NOW that the ballots have been counted and battles have been won, we believe it is for the interest of the public to know how they have conducted their sacred right of suffrage and to whom they have entrusted their mandate with the strong belief that their community will henceforth be a better place to live in.
Let us take the case in particular the votes that were counted in Naga for both the mayoral and congressional contests.
In the early part of the counting of votes for the mayorship of Naga, it looked as if it was a nip and tuck race between protagonists Nelson Legacion and challenger Tato Mendoza with only, say, less than 80 or 400 votes in some barangays between them. It was quite a different story for the congressional battle where re-electionist Gabby Bordado forged ahead with comfortable margin over his opponents -- former congressmen Luis Villafuerte and Cho Roco. Early on, Congressman Gabby clinched control of the canvassing that virtually sealed his imminent victory although there were close skirmishes in some barangays where Villafuerte, or rather his ward leaders, held sway. To his disappointment, comebacking Congressman Cho Roco, also a former Naga City Mayor, was smashed to the pulp, consistently getting low percentage of the votes counted as if he wasn’t in the race at all. None in the city’s 27 barangays was Cho able to post a win. For his ward leaders, the writings on the wall are clear that he should, for the love of him, finally retire after several failed attempts as either comebacking city mayor or congressman.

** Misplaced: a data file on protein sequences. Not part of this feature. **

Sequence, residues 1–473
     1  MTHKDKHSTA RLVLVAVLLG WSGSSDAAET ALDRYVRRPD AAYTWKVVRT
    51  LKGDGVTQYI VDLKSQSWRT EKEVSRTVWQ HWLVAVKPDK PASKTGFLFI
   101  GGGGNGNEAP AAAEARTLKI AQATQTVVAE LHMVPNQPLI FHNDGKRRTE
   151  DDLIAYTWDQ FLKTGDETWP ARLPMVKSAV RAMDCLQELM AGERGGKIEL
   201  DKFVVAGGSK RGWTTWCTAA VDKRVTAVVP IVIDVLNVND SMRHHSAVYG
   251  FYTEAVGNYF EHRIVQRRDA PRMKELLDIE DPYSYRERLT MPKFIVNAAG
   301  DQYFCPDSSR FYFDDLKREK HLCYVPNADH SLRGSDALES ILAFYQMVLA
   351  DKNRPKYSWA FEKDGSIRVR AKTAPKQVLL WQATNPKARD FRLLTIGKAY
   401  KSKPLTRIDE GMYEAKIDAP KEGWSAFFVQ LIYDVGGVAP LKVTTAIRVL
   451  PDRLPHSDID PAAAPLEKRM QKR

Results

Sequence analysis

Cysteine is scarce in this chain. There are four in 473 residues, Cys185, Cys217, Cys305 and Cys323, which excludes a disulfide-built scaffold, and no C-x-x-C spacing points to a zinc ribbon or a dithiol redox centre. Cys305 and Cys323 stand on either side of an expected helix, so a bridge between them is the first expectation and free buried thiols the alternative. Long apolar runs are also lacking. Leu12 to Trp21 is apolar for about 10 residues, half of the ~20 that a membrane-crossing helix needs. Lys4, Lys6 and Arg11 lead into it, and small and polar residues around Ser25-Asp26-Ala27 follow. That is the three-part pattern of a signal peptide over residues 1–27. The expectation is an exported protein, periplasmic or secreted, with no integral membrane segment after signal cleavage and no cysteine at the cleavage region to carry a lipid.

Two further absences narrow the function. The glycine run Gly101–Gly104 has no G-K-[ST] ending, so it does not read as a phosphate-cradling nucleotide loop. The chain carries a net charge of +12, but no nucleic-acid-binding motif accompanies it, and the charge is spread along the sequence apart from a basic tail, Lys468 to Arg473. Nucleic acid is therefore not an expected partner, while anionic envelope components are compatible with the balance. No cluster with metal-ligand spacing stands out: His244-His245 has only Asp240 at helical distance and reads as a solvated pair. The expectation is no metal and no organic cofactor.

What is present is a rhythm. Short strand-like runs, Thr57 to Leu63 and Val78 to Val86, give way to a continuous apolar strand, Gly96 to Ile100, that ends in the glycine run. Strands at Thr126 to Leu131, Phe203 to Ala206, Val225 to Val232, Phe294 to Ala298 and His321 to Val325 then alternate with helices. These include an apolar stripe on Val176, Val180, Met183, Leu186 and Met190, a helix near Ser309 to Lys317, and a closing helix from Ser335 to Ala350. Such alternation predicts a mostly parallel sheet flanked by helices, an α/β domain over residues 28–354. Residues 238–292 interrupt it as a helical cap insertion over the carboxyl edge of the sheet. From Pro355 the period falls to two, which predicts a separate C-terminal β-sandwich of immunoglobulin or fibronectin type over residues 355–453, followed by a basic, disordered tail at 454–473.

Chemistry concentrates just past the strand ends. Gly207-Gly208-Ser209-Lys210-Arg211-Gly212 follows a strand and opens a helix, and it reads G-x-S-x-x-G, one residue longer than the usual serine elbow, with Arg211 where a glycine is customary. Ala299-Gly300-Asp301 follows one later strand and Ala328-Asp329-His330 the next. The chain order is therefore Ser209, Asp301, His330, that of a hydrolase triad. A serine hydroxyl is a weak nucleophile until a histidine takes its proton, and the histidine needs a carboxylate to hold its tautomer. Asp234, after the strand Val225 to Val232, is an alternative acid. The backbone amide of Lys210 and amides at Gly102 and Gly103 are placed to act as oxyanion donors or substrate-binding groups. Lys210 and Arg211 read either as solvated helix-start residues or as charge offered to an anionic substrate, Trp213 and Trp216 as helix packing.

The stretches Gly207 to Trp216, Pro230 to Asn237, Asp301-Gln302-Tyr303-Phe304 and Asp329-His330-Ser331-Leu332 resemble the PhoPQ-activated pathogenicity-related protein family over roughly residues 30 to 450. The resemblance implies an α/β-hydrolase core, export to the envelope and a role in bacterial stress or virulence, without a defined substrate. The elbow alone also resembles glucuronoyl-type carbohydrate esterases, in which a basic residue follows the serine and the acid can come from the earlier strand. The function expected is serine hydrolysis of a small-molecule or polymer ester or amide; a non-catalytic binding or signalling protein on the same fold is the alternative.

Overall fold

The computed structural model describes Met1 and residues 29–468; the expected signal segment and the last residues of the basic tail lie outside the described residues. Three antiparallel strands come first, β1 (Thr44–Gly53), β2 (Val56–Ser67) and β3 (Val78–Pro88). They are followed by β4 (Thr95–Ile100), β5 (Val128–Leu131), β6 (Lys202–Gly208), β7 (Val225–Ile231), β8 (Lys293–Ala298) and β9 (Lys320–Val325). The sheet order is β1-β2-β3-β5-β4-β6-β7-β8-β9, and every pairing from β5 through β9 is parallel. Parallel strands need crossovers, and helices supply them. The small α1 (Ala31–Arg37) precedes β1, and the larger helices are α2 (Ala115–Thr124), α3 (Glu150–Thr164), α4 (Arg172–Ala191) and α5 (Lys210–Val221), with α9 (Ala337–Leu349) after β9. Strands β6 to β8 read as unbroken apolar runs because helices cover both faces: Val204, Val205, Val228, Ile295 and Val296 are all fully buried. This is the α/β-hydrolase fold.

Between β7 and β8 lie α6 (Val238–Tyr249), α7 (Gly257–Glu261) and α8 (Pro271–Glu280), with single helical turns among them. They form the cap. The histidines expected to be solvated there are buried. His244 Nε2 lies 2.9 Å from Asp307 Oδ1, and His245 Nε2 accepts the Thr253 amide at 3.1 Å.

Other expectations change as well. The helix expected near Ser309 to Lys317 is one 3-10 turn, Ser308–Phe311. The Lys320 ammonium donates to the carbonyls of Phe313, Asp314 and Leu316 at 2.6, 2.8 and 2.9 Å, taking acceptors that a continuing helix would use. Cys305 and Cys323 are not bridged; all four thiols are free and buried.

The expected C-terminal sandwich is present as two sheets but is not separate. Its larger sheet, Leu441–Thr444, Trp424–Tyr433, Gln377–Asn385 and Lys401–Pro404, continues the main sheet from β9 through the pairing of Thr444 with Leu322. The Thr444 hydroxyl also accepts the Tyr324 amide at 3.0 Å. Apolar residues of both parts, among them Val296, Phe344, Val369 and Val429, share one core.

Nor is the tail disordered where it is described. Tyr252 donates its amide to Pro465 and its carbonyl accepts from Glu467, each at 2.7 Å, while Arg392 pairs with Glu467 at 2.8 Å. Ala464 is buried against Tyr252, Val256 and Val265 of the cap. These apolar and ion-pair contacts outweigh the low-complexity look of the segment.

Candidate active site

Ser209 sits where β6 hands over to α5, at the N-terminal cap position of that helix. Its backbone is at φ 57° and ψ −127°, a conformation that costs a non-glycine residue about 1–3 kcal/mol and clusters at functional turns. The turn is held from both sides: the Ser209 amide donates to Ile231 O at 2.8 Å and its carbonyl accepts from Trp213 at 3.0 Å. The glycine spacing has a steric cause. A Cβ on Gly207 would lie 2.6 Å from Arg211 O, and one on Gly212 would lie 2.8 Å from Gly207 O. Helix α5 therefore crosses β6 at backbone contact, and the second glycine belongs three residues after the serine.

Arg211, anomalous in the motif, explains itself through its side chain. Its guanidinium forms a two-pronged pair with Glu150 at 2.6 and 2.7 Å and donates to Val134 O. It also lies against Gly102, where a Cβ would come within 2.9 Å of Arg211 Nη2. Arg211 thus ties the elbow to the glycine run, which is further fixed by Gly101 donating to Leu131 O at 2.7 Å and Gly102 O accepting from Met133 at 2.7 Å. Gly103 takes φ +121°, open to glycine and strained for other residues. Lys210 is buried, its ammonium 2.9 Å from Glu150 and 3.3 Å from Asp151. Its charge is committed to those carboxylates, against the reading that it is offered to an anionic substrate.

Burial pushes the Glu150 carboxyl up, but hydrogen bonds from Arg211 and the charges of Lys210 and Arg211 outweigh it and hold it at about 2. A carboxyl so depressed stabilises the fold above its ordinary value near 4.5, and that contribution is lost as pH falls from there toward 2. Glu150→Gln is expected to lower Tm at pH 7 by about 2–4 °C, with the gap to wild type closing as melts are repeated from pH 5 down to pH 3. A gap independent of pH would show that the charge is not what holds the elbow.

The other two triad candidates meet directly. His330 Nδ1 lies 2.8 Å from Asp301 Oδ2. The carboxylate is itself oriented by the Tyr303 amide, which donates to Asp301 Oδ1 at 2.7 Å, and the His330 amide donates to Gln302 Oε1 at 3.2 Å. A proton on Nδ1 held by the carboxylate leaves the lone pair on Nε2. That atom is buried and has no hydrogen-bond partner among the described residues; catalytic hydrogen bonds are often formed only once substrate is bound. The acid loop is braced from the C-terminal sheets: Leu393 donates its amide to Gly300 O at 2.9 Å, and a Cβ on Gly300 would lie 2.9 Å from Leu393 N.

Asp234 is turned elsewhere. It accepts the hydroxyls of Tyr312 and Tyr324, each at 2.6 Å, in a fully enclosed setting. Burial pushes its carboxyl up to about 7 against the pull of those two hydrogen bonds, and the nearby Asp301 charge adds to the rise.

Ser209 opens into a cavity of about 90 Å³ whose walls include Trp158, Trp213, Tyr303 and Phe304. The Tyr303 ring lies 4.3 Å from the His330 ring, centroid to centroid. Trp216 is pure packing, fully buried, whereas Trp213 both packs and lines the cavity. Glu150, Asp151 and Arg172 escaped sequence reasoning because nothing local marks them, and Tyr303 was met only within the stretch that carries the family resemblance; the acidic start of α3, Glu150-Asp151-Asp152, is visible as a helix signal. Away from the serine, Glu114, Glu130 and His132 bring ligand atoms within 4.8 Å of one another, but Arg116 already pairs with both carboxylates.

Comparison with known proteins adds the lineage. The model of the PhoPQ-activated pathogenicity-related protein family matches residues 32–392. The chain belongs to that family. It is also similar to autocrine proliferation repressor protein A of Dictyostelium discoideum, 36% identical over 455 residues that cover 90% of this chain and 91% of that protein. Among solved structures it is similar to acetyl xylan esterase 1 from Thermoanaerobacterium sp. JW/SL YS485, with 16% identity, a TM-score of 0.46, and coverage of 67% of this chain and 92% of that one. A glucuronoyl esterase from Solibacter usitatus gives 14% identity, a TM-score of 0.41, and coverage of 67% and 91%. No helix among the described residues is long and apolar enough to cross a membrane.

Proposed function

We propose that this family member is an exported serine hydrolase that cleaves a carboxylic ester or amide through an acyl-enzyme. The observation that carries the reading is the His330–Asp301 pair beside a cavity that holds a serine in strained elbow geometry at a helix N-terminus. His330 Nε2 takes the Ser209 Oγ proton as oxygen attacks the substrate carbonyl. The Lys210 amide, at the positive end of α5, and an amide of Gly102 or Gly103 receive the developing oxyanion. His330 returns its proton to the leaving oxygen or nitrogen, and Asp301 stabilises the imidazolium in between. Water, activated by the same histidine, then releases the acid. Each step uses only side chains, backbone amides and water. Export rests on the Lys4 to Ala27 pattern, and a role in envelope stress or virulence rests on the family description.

Interestingly, Villafuerte, despite his advanced age, was able to pull victories in at least three barangays in the city, namely Igualdad (828 votes vs Bordado’s 570), Pacol (2,279 votes vs Bordado’s 1,551), and Sabang (1,383 vs Bordado’s 1,270). In Brgy. Lerma, it was quite a dizzy seesaw fight: Bordado mustering 676 votes over Villafuerte’s 633 votes. In the final tally district-wide, Bordado rode roughshod, dislodging once and for all his closest rival, Luis Villafuerte, by garnering102,929 total votes against the latter’s 81,304 votes.
In the mayoral race, aspirant Legacion, the incumbent vice mayor, won in all but two barangays, and tied the score in one vote-rich barangay that was otherwise touted to be a Mendoza territory.
Mendoza, who ran a well-oiled campaign machine and got accused even of massive vote-buying by his rival camp, could only post wins by slim margins in Barangays Sta. Cruz and Sabang (1,513 votes vs Legacion’s 1,456 and 1,543 vs 1,479, respectively). And, holy cow, they got even scores, 4,066 each, in Concepcion Pequena, the city’s biggest barangay with the most number of registered voters, and where Mendoza resides.
In the final count, Legacion romped away with 41,591 votes against Mendoza’s 33,707 votes. Observers say it was a close call compared to past elections where the Team Naga standard bearer (i.e. Jesse Robredo and John Bongat) used to run away with as much as 20,000 to 15,000 vote margin.
As reported earlier in this paper, last May 13 voters’ turnout in the city was placed by Comelec at only 79,750 out of the city’s 105,366 registered voters. This means that only 75.68% of the voting population came to the polls to vote. Records also show that this low turnout is traditionally true during local or mid-term elections. Voters’ turnout goes higher during presidential elections.
With those convincing victories, Rep. Gabby Bordado and Mayor-elect Nelson Legacion and his winning slate have enough reason to formally take their oaths before Vice President Leni Robredo during simple ceremonies slated to be held this Saturday morning at the Jesse M. Robredo Museum.